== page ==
The Philips CDI605T/20 is the last professional CD-i player with authoring / development capabilities. As every other CD-i player, it runs on CD-RTOS v1.1, a real-time operating system based on Microware OS-9/68K v2.4. Additionally, it features extended memory, an internal OS-9 shell, a floppy disk drive, SCSI, ethernet, RS-232C and printer ports. When compared to its predecessor CDI605/00, it was upgraded with a tray loading mechanism, a built-in DVC and a newer system ROM v1.3. Even though this player is perfectly fine for playing the whole range of consumer CD-i titles, I got it mainly for experimenting with the titles and the operating system. On the first start, it performed a CRC check and displayed the software version:
This is something that I always check when I get a new CD-i player: time and date. The SETTINGS menu reveals that it is the year 2010. Also, a button is missing left of the LOAD button (more about that later). I changed some settings and turned off the power, and everything was reset.
This is a flaw that most CD-i players suffer from, a dead battery in the Timekeeper chip. Furthermore, this player has a squeaky disc tray, a noisy fan and a lot of dust inside. I’ll have to open it up soon, and I don’t expect it to be easy. The CDI605T has a Mini MMC mainboard with tons of additional PCBs, cables and metal parts. It will probably be worse than the CDI220/00 that I repaired a couple of years ago.
And now to something that consumer players don’t have: the TOOLS menu. It lets you allocate additional 5 MB memory to RAM and/or ROM and change various development and emulation settings.
At this stage, I was a bit lost because the player came without any documentation and software. The user guide wasn’t very helpful, so I began to read developer documentation on ICDIA and The World of CD-i. The mirror of the former Philips Technical Support website and various other resources proved to be very helpful and pointed me in the right direction.
To get started, I downloaded MediaMogul 2.2.1 as it contains the OS-9 files that I need. The file manager (File Director) and the OS-9 shell (CD-RTOS) turned out to be most useful for me.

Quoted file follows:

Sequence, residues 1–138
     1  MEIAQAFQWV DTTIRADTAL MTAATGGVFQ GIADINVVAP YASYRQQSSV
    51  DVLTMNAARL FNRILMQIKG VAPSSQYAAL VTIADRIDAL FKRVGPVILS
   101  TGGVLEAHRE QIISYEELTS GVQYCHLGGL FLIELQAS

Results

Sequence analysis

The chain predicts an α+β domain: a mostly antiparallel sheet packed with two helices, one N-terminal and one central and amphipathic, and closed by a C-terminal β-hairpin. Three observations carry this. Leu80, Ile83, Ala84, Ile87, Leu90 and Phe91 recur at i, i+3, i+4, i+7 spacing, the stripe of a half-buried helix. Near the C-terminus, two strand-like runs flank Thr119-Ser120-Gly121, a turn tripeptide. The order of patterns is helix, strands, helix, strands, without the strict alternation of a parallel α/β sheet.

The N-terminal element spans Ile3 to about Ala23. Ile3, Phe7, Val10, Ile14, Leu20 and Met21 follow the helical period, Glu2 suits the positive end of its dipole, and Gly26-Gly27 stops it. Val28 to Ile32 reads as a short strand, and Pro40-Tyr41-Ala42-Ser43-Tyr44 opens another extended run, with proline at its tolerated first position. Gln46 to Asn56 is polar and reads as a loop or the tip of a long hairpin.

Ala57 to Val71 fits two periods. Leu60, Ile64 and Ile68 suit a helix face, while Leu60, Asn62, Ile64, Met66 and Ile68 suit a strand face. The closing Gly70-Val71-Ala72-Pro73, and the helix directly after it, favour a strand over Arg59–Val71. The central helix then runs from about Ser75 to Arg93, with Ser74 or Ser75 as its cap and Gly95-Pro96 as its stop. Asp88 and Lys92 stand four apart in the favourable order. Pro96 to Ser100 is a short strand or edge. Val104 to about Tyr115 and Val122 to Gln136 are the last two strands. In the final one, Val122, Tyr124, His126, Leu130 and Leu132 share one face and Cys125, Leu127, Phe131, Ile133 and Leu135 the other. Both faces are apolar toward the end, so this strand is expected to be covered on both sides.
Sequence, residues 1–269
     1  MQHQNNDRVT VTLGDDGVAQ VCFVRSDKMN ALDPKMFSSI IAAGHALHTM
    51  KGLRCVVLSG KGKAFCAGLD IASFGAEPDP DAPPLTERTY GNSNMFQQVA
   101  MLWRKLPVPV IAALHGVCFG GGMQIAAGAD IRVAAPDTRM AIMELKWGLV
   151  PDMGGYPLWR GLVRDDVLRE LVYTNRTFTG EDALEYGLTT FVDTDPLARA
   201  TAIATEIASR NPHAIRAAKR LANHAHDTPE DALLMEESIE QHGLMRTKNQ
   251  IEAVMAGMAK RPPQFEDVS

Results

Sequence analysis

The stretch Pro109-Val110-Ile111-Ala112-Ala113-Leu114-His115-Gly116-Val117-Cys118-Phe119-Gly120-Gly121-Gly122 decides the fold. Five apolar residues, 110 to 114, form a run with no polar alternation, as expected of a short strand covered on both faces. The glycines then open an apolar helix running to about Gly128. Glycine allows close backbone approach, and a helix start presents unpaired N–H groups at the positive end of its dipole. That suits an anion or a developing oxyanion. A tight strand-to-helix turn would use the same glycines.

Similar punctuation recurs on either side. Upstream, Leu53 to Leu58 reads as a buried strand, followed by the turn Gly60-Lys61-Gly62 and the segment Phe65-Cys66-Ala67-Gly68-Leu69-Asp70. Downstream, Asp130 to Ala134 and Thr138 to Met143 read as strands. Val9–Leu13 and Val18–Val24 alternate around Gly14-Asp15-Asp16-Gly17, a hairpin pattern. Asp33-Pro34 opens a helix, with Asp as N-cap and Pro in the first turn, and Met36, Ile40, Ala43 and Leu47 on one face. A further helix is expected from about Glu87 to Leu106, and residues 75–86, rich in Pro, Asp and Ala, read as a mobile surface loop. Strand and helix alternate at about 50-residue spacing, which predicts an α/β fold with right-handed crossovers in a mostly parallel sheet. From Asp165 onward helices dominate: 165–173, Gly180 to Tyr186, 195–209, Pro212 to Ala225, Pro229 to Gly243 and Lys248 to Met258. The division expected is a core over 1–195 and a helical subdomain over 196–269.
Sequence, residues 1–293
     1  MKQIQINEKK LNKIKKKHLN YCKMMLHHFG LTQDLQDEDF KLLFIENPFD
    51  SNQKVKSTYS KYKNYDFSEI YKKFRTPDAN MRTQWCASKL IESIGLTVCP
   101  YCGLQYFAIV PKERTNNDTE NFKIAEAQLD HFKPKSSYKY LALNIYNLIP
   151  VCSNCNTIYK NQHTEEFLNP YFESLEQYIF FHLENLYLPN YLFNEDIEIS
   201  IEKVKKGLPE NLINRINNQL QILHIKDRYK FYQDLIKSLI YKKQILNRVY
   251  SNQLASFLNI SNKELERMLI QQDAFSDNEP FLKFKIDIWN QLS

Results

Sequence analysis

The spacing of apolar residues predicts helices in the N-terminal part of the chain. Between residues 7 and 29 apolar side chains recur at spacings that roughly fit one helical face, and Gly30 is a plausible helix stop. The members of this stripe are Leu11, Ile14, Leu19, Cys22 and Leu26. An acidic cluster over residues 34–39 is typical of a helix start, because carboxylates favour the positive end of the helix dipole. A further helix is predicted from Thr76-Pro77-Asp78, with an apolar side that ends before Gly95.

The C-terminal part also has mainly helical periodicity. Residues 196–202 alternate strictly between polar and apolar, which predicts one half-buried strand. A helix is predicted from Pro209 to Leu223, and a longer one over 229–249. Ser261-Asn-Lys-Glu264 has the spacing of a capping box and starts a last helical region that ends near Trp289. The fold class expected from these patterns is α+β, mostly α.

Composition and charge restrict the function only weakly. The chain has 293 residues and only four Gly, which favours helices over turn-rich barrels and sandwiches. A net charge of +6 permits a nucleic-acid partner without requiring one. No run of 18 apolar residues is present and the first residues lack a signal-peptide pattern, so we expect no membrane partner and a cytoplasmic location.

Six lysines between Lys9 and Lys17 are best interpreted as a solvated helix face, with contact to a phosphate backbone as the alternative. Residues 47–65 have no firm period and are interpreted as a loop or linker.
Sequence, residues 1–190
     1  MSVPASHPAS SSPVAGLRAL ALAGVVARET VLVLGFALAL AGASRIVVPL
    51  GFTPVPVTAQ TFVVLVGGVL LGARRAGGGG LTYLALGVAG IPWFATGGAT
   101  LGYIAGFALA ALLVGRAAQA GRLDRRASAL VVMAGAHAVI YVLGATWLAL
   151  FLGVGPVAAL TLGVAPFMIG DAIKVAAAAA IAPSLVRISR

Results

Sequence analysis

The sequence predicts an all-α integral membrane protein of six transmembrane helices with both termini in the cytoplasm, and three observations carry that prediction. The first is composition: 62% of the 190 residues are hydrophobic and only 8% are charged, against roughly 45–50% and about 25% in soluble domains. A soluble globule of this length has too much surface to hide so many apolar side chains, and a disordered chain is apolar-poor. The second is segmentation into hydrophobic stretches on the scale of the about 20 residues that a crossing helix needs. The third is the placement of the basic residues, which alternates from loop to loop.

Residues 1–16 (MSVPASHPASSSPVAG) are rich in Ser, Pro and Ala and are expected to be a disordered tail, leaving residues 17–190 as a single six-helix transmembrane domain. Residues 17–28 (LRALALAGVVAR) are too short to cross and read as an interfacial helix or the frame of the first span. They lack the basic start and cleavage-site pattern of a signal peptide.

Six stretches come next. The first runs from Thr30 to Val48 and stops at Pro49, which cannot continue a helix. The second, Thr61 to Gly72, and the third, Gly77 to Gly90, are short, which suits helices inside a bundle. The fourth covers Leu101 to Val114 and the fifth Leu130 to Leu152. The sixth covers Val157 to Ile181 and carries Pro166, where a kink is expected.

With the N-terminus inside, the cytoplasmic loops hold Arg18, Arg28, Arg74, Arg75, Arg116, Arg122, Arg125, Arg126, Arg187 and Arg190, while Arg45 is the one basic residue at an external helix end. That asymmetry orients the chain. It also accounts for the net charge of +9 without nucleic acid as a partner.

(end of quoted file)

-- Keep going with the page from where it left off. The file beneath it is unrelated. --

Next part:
The other programs (Script Writer, Editor, Art Studio) are for developing CD-i titles. To function properly, they need a hard disk drive for data storage and a terminal for text input. These pictures were taken at a later stage when I had finally managed to get hard disk and terminal working.
For text input, it is mandatory to have an external terminal. The Philips CD-i KeyControl won’t work. First, I connected the terminal (a Windows 10 laptop with Tera Term) with a null-modem cable to port #2 and held the space bar while switching the player on. The usual low level test appeared, as it does on the Philips consumer CD-i players:
CD-I MINI MMC low level test REL. 1.2 ---------------------------- -------- Press any key to test receiver Receiver o.k., you pressed: 20 Initializing MASTER VSC Initializing SLAVE VSC 0. Exit Low level test 1. Writing to a default RAM address 2. ROM parity check 3. Nvram test 4. Dram test 5. Cdic test 6. Slave processor test 7. Clock Calibration Make your Selection: 0 *** Low level test of CDI MINI MMC board ended ***
After checking the user manual again, I connected the terminal to the correct RS-232 port #3 and added at least 0.5 MB of RAM. On the next start, the missing button SYSTEM finally became visible in the SETTINGS menu. When you press it, the video output changes to a static colour and stays like that. Everything else happens on the terminal.
CDI605T says hi on the terminal:
Copyright(c) 1986, 1989 N.V. Philips, Sony Corporation and Microware Systems Corporation All rights reserved ROM player ID : 1.1 ROM release number : 1.3 CDI 605 Professional Player Shell Player Shell release: 1.2 Slave software release: 3.2 CD software release: 3.2 $
In my first steps in OS-9 on Philips CDI605T, I tried some commands, but all I received in return were OS-9 errors #000:215 and #000:216.
help : displays a short help for a command cxd : change execution directory, e.g. chx /d0/CMDS chd : change data directory, e.g. chd /cd, chd /d0/CMDS pd : show path of current data directory dir : list content of the current directory dir -e : extended listing of current directory format : format disk, e.g. format /d0, format /h0fmt inquire /scsi0 : show info about device on SCSI ID 0 procs : list running processes
And some important devices:
/cd : optical disc drive /d0 : first floppy disk drive /h0 : first SCSI hard disk drive (/h0fmt : for formatting the first hard disk) /nvr : NVRAM (Timekeeper) /pcd0h : DOS compatible high density floppy disk /pch1 : DOS compatible HDD on SCSI ID 1
With this knowledge I formatted a fresh floppy disk and copied the entire content of /cd/OS9_SYSTEM to /f0 using the File Director:
I’m not sure if it contains everything that is needed for OS-9 System Diskette because it still refuses to react to LOAD from the SETTINGS menu, but at least I have a way to access to the OS-9 commands from the shell.